Close observers, great traders, and kissing cousins though Canadians and Americans are, we have surprisingly little formal comparative study of our institutions. Canadians sometimes acknowledge the role the U.S. civil rights movement played in influencing us but seldom examine the major differences in historical and political conditions under which changes occurred. U.S. attention to Canadian institutions is desultory for the most part. The contemporary women's movement is a good example.

In the spring of 1989, the Centre for American Studies and the Centre for Women's Studies and Feminist Research at the University of Western Ontario held a conference focusing on their common interests. This book contains 21 contributions of women scholars to that conference, among them six from the United States.

Conference proceedings are risky ventures for a publisher. Contributions are often uneven; authors use obscure theories, long words and even longer sentences. Such books don't sell.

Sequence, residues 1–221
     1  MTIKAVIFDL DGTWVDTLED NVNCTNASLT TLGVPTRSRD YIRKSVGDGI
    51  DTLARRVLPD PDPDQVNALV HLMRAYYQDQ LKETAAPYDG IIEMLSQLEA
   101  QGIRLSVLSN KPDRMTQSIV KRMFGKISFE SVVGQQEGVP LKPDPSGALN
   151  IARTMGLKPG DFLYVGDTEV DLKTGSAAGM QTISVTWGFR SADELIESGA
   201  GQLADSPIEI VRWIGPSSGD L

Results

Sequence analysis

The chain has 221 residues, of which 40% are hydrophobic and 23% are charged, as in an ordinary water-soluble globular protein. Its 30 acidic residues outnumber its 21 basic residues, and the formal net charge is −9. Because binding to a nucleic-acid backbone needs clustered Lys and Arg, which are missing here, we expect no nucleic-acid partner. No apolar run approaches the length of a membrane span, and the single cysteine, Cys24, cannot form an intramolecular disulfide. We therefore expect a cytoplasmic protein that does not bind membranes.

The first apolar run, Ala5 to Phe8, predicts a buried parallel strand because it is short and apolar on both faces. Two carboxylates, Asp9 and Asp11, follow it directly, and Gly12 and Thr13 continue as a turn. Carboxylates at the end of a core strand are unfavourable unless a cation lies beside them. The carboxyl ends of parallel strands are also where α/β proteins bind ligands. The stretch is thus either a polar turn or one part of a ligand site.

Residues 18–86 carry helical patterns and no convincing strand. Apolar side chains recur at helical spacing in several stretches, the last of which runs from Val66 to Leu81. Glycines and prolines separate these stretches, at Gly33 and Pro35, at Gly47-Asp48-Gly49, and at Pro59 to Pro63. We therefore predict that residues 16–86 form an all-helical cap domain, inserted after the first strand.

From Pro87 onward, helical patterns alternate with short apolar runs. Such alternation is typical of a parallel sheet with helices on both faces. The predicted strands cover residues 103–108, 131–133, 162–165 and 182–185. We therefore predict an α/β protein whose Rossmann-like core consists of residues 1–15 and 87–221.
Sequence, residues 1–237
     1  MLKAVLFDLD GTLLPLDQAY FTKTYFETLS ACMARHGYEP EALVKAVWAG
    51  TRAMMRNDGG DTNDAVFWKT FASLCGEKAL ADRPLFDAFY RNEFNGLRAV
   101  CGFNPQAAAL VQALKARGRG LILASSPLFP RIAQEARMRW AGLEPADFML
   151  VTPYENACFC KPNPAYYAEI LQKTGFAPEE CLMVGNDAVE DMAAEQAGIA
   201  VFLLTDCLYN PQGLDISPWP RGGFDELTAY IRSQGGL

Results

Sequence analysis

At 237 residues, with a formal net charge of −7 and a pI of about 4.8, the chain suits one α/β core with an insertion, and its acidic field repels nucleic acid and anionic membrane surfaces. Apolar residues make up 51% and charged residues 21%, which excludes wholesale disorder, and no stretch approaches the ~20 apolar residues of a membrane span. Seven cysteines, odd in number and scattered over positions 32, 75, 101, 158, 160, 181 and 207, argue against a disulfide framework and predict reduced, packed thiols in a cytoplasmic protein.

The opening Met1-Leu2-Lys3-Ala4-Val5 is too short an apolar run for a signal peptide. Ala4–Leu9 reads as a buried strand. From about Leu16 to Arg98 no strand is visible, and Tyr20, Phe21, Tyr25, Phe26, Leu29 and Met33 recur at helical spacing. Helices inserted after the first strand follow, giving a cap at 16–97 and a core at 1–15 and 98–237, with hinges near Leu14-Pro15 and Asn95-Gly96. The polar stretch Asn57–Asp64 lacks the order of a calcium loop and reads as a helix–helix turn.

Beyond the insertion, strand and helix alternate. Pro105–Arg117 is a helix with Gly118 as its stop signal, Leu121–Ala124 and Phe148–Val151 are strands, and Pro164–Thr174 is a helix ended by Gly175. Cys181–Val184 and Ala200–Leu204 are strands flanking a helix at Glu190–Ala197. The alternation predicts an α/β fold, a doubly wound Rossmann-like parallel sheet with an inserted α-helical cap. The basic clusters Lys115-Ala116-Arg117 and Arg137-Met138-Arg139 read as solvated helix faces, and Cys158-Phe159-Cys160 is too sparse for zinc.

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This one should. For anyone who has wondered about the major issues in the feminist debates over violence, the economy, racism, recent history, the Quebec viewpoint and reproductive rights, this is provocative and rewarding reading. The editors have done an excellent job of letting authors speak in their own, sometimes angry, voices.

For example, Monique Begin, who was executive secretary and Director of Research to the Royal Commission on the Status of Women established in 1967. Her essay provides an insider's view of the commission and on the shortcomings of that process. The commission's report in December 1970 spurred on the fledgling new women's movement in many ways: Status of women groups were founded in several provinces to press for the implementation of the recommendations of the commission at the provincial level while the founding meeting of the National Action Committee (NAC) was held in April, 1972.

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